Maintaining a healthy boardroom dynamic

Andrew Kakabadse

Discord in the boardroom can be extremely disruptive, but not all conflict and tension is bad. Managed properly, conflict and tension form an integral, and necessary, part of boardroom dynamics, encouraging debate, stimulating ideas, preventing groupthink and facilitating robust decision making.

The ‘Conflict and Tension in the Boardroom’ report, produced by Henley Business School and ICSA: The Governance Institute, was launched at ICSA’s annual conference in London in July 2017. It shows that there is a distinction between healthy tension and unhealthy conflict. There are multiple reasons why conflict and tension arise but also practical ways they can be harnessed and managed.

Tension v conflict

Tension is disagreement, which is often uncomfortable but can be resolved by healthy debate. Conflict is aggressive tension that usually escalates to extreme and unresolvable levels. As one respondent explains: ‘Conflict is undesirable. Conflict means outright hostility, but tension is good.’

Three recurring themes cause tension and conflict in the boardroom: people and personality; historical disputes; and decision making. As one chairman notes: ‘People are always the sensitive issues. People, recruitment, promotions, remuneration, those sorts of things are the big issues on the board, and everyone has a different opinion.’

Harmony v hostility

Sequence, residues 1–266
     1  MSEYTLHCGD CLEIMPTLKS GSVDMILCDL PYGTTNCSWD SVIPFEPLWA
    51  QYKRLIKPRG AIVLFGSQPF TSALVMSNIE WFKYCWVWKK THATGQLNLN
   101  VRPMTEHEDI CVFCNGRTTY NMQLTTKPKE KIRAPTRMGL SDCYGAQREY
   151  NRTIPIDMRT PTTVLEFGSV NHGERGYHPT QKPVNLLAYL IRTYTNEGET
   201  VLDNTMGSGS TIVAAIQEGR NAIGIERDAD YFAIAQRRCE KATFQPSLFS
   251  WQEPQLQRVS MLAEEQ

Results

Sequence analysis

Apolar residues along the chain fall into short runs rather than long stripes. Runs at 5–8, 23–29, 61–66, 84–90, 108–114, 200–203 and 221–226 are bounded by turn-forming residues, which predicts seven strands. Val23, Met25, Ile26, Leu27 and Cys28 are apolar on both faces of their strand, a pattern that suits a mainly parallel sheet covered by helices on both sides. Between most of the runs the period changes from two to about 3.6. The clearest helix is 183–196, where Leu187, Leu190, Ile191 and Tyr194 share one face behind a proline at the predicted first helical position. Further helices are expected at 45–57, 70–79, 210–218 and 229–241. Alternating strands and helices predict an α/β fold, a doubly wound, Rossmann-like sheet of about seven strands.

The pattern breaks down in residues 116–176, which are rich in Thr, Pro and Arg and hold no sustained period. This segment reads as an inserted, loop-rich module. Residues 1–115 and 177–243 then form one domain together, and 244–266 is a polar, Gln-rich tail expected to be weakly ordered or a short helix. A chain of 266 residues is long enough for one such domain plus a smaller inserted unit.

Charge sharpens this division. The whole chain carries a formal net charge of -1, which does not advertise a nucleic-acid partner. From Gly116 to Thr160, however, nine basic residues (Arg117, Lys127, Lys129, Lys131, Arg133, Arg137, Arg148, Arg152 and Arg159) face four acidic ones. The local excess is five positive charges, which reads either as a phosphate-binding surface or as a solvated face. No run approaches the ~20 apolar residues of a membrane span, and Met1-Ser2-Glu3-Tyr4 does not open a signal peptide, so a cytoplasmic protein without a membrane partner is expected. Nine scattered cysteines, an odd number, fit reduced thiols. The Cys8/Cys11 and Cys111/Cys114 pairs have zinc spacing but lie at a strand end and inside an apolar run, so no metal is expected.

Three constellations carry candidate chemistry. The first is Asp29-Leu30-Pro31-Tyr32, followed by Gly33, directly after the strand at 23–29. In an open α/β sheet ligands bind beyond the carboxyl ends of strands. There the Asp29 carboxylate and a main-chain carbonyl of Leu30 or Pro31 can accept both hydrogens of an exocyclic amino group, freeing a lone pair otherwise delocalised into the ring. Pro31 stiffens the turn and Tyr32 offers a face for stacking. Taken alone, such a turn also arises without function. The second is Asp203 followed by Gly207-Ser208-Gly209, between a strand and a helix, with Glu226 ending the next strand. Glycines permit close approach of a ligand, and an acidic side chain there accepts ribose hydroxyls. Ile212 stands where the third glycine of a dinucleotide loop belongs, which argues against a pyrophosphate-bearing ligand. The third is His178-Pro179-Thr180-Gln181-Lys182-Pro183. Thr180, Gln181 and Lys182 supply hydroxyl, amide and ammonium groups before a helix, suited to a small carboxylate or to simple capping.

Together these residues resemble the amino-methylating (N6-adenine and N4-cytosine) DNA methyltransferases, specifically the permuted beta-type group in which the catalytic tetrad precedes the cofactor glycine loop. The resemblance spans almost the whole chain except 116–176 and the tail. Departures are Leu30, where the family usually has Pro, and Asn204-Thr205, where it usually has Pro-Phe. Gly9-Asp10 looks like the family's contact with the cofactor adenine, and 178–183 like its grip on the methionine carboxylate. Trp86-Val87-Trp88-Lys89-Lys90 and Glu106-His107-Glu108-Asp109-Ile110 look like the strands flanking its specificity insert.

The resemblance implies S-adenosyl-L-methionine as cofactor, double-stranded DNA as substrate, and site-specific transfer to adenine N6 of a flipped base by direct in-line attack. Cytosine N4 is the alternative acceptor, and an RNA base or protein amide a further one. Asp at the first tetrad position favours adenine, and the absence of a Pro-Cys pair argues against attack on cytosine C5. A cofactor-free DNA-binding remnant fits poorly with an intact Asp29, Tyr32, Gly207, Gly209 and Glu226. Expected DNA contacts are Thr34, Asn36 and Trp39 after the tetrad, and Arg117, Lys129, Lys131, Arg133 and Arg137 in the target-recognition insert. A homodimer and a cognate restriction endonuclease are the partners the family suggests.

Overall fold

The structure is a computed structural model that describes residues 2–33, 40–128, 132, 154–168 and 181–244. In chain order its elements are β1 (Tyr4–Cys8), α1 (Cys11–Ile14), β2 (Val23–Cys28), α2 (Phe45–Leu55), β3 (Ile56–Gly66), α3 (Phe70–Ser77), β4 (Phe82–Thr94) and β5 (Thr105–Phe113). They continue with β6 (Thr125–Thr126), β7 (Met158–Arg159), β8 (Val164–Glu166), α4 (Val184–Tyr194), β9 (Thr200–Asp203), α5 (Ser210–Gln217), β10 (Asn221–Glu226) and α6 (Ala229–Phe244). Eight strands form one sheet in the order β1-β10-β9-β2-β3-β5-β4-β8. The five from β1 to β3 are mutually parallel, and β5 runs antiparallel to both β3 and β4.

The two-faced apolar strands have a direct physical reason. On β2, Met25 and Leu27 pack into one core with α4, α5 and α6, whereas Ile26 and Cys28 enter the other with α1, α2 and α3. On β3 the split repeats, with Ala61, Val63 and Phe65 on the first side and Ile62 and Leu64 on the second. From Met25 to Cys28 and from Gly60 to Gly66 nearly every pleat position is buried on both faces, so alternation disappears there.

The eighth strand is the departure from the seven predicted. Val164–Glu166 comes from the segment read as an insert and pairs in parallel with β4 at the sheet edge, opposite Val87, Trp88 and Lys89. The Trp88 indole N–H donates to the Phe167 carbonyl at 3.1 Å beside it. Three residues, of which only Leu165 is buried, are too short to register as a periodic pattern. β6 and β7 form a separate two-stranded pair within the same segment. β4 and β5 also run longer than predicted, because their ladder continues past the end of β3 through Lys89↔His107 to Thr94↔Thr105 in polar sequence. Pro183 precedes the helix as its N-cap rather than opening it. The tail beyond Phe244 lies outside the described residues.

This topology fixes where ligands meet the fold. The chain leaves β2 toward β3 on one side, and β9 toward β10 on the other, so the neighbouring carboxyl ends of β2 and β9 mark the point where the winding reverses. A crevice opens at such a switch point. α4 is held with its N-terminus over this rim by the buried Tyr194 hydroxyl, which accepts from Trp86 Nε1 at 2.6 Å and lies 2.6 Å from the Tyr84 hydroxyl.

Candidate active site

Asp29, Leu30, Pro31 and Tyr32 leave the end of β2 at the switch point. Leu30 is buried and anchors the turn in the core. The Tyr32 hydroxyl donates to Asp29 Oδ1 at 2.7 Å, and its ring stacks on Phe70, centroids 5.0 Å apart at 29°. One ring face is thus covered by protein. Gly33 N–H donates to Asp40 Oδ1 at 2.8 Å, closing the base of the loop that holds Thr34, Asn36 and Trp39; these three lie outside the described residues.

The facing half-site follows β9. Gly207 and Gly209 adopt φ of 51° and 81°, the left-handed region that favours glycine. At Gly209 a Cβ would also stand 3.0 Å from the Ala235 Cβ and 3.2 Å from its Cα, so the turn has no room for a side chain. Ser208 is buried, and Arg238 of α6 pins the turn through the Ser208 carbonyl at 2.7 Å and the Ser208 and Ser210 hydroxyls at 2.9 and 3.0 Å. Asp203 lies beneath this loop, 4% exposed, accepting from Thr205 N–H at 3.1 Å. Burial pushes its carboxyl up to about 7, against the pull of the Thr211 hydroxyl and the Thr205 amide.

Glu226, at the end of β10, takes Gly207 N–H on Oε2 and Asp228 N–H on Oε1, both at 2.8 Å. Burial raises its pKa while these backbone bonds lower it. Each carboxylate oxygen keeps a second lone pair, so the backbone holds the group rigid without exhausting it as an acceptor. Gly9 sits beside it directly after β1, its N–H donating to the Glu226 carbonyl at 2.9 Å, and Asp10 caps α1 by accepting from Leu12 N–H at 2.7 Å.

All board members bring their own expertise, responsibilities, levels of independence and objectivity. Despite these attributes, they must put aside any individual goals and agendas and ultimately work as part of a wider team that is responsible for the organisation’s long-term interests.

This can be easier said than done and a key issue for the chairman, supported by the company secretary, is to ensure that tension generated by constructive challenge does not degenerate into destructive conflict.

Ideally boards should be environments in which each individual member can respect and incorporate the views of others and, when necessary, retain their independence and challenge fundamental assumptions.

Debate is particularly important where actions are not straightforward and different perspectives and experiences need to be fully understood. Disagreements should be openly discussed as ultimately the best decisions are reached when concerns are fully aired and multiple, sometimes conflicting, perspectives are offered.

Preventing escalation

Tension can transform into conflict quickly and the tipping point is almost always the result of a situation becoming emotionally charged. Personality clashes can be particularly difficult to resolve and are more likely to escalate into situations of conflict, potentially resulting in one party either resigning or being asked to leave.

Most organisations are too uncomfortable dealing with conflict as it arises, but if conflict becomes public, it can cause extensive damage and impact the reputation of the company. It is, therefore, important to deal with potential conflicts rapidly to avoid an irreparable breakdown of trust and loss of respect.

Not all conflict takes place inside the boardroom. In fact, many conflicts are resolved outside. The role of the chair is to be clear about what is properly discussed in the boardroom, what needs to be dealt with outside it, and what needs to be dealt with outside the business completely.

Strategies for managing tension and minimising conflict include:

  • Explicitly acknowledging concerns during board meetings – concerns that are either not heard, or not listened to, often plant the seeds of future conflict
  • Face-to-face conversations
  • Depersonalising tension by reminding board members of their ‘higher purpose’
  • Sitting opposing members next to each other often prevents tension from escalating.

Andrew Kakabadse is Professor of Governance and Strategic Leadership at Henley Business School


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